Difference equals operator (== vs ===) in JavaScript and which to use when?

I came up with two javascript comparison operators ==(two equals) and ===(three equals) sign, I would like to know when I should use which of these comparison operators and when?

Is there any performance improvement when using ===? 



Asked by:- bhanu
: 4124 At:- 9/6/2017 11:26:14 AM
javascript operatos identity-operator equality-operator

3 Answers
profileImage Answered by:- pika

In javascript, 3 equal signs(===) means "equality without type coercion". Using the triple equals, the values must be equal in type as well, to better understand it, check this comparison below

0 == false   // true
0 === false  // false, because they are of a different type
1 == "1"     // true, automatic type conversion for value only
1 === "1"    // false, because they are of a different type
null == undefined // true
null === undefined // false again for same reason, type is not same
'0' == false // true because basically in logical operator fasle emans 0
'0' === false // false becasue type is different

From the above answer you can understand, The == operator will compare for equality by doing any necessary type conversions(if required) while on the other hand === operator , will not do the conversion, so if two values are not the same type === will simply return false.

So you can say === and !== are strict comparison operators in javascript, check this URL from Mozilla.Org

In terms of performance, === is not quicker if the types are the same.

If types are not the same, === will be quicker because it won't try to do the conversion.

Hope this helps.

At:- 9/7/2017 7:33:46 AM Updated at:- 7/31/2022 7:52:27 AM
great answer with an example, as needed, thanks 0
By : bhanu - at :- 9/11/2017 1:39:13 PM

profileImage Answered by:- manish

JavaScript provides three different value-comparison operations:

  • strict equality (or "triple equals" or "identity") using ===,
  • loose equality ("double equals") using ==,
  • and Object.is (new in ECMAScript 2015)

Let's take a look Each of them one by one

Strict equality using ===

Strict equality compares two values for equality. Neither value is implicitly converted to some other value before being compared. If the values have different types, the values are considered unequal. Otherwise, if the values have the same type and are not numbers, they're considered equal if they have the same value. Finally, if both values are numbers, they're considered equal if they're both not NaN and are the same value, or if one is +0 and one is -0.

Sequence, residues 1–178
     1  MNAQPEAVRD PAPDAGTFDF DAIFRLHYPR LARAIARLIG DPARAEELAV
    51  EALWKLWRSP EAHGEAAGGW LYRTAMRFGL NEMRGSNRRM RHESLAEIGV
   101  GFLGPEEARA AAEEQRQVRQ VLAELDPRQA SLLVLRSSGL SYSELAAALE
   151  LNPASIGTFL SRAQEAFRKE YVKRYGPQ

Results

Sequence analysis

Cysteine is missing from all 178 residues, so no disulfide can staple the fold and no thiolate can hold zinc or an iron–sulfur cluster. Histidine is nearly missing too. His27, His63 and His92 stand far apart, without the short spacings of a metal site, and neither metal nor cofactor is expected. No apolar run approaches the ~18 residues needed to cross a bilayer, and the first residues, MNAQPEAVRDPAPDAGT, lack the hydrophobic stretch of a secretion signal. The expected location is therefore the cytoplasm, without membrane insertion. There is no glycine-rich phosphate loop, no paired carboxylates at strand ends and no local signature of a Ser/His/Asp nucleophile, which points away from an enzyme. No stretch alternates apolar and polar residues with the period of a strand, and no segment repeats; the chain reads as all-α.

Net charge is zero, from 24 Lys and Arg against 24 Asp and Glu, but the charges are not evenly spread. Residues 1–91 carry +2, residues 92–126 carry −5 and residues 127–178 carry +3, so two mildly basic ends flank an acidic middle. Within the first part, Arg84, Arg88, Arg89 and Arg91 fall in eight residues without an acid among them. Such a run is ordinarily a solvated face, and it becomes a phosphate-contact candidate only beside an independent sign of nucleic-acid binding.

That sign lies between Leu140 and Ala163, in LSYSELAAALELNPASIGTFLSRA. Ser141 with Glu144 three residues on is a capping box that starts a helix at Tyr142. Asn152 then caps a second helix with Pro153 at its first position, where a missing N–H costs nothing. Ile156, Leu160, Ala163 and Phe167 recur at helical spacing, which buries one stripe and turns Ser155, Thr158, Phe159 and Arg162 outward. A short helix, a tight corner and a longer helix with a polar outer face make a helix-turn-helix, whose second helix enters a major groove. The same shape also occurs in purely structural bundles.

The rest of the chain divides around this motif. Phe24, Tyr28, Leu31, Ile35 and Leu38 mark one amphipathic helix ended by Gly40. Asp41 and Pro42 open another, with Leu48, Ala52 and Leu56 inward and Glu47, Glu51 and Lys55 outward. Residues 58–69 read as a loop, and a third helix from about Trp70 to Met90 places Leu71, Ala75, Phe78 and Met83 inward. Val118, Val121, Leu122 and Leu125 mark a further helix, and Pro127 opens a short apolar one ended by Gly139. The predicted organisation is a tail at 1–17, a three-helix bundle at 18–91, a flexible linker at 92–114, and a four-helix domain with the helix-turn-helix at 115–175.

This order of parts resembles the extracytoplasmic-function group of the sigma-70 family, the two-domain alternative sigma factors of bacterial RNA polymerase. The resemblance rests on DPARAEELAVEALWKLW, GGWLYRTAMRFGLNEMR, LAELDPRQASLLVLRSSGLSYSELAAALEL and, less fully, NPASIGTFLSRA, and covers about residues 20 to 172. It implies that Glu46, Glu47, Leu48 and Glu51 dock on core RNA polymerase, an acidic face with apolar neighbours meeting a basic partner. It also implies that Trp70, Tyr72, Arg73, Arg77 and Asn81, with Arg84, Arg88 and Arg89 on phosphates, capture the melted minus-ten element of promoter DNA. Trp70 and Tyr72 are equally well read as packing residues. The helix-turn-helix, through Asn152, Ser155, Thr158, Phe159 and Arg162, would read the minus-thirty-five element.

var num = 0;
var obj = new String('0');
var str = '0';

console.log(num === num); // true
console.log(obj === obj); // true
console.log(str === str); // true

console.log(num === obj); // false
console.log(num === str); // false
console.log(obj === str); // false
console.log(null === undefined); // false
console.log(obj === null); // false
console.log(obj === undefined); // false

Loose equality using ==

Loose equality compares two values for equality, after converting both values to a common type.  After conversions (one or both sides may undergo conversions), the final equality comparison is performed exactly as === performs it.  Loose equality is symmetric: A == B always has identical semantics to B == A for any values of A and B (except for the order of applied conversions).

Example javascript code:

var num = 0;
var obj = new String('0');
var str = '0';

console.log(num == num); // true
console.log(obj == obj); // true
console.log(str == str); // true

console.log(num == obj); // true
console.log(num == str); // true
console.log(obj == str); // true
console.log(null == undefined); // true

// both false, except in rare cases
console.log(obj == null);
console.log(obj == undefined);

Take a look at comparison table:

x y == ===
undefined undefined true true
null null true true
true true true true
false false true true
'foo' 'foo' true true
0 0 true true
+0 -0 true true
+0 0 true true
-0 0 true true
0 false true false
"" false true false
"" 0 true false
'0' 0 true false
'17' 17 true false
[1, 2] '1,2' true false
new String('foo') 'foo' true false
null undefined true false
null false false false
undefined false false false
{ foo: 'bar' } { foo: 'bar' } false false
new String('foo') new String('foo') false false
0 null false false
0 NaN false false
'foo' NaN false false
NaN NaN false false


At:- 10/9/2017 3:40:09 PM Updated at:- 10/9/2017 3:43:00 PM

profileImage Answered by:- vikas_jk

When we use "==" interpreter does type coercion, meaning that the interpreter implicitly tries to convert the values before comparing.

While identity operator "===" does not do type coercion, and thus does not convert the values when comparing.

true == 1; //true, because 'true' is converted to 1 and then compared
"2" == 2;  //true, because "2" is converted to 2 and then compared

true === 1; //false, no type conversion is done and hence false
"2" === 2;  //false

That's it.

At:- 12/14/2022 11:04:15 AM

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